Corpse plant blooms
The County of Hawaii Department of Parks and Recreation has announced the rare flowering of a “corpse plant” at the Panaewa Rainforest Zoo and Gardens.
Amorphophallus titanum, better known as a “corpse plant” for its distinctive aroma when in full bloom, is the world’s largest unbranched inflorescence (cluster of flowers), capable of growing more than 10 feet tall.
“Stinky 2” has a 3-foot-tall bud that’s expected to bloom within the next two to three weeks, said Pam Mizuno, manager of the Panaewa Recreation Complex that includes an equestrian center. When that happens, the plant will release sulfur that smells like rotting corpses, hence its ominous nickname. This odor attracts beetles and flesh flies that pollinate the plant.
In their native habitat of the Indonesian island of Sumatra, corpse plants bloom only a few times in 100 years. This sporadic blooming produces a flower that lasts only a couple days and can weigh hundreds of pounds.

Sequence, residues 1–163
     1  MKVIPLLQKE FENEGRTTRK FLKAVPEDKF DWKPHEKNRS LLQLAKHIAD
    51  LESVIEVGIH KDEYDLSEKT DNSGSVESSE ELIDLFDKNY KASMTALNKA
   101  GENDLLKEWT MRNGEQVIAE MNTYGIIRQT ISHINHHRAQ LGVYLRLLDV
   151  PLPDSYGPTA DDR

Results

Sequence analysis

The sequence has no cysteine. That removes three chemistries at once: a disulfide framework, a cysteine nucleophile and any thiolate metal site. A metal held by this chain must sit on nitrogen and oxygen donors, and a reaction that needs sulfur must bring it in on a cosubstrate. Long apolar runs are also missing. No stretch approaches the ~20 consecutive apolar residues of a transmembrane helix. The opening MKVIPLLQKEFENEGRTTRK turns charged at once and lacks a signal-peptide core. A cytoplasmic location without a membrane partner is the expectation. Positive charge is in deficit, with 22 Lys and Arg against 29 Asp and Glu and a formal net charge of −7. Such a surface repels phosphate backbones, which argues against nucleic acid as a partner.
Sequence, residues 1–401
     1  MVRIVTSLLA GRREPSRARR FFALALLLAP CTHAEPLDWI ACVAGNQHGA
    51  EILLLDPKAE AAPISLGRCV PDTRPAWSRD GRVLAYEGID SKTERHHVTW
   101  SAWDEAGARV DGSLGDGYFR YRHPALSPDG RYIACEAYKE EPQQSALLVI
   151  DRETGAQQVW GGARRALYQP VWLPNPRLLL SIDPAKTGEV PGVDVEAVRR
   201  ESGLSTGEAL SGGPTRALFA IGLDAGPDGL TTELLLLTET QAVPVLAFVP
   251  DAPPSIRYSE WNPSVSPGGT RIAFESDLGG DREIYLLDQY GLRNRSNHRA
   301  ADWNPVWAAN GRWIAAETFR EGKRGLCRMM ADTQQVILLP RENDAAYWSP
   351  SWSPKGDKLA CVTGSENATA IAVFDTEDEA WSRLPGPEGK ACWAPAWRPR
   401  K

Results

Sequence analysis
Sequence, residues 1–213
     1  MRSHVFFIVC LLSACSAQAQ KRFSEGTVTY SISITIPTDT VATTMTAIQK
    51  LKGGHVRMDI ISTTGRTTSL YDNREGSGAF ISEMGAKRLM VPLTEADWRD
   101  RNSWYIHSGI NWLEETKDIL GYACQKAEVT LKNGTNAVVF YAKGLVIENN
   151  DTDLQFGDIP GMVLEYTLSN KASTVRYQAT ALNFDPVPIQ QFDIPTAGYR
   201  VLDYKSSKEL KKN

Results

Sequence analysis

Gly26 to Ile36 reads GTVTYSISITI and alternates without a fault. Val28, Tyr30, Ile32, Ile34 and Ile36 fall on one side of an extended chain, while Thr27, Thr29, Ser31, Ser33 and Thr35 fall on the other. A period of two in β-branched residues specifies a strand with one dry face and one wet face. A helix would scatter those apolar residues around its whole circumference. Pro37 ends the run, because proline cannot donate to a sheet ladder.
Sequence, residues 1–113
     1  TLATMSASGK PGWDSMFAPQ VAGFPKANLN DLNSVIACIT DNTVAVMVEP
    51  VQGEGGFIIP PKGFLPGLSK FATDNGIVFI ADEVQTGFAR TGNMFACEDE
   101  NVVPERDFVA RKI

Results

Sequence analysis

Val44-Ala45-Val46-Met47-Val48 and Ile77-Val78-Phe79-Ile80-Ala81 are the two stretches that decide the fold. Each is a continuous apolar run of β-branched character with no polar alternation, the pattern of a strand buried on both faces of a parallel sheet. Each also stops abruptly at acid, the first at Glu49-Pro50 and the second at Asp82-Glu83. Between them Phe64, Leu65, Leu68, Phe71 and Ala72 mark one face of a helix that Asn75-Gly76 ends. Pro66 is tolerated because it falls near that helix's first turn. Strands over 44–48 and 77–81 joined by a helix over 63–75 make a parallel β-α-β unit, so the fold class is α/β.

Artist Hiroshi Tagami donated two corpse plants to the zoo in 2002. The plants, estimated to be two years old at the time of the donation, have been thriving in the zoo’s tropical environment.
The first one bloomed in 2011, attracting large crowds of curious onlookers and wide-spread media coverage. The corpse flower is growing in the exhibit located next to the zoo’s feral pig and across from the large mixed-parrot aviary.
Located off of Stainback Highway about five miles south of Hilo, the 12-acre Pana‘ewa
Rainforest Zoo and Gardens is the only natural tropical rainforest zoo in the United States. More than 100 palm varieties and 80 animal species, including nene geese and Namaste, a white Bengal tiger, can be found at the zoo. It’s open from 9 a.m. to 4 p.m. daily, except on Christmas and New Year’s Day. Admission is free.
For more information, call 959-7224 or email email@example.com.
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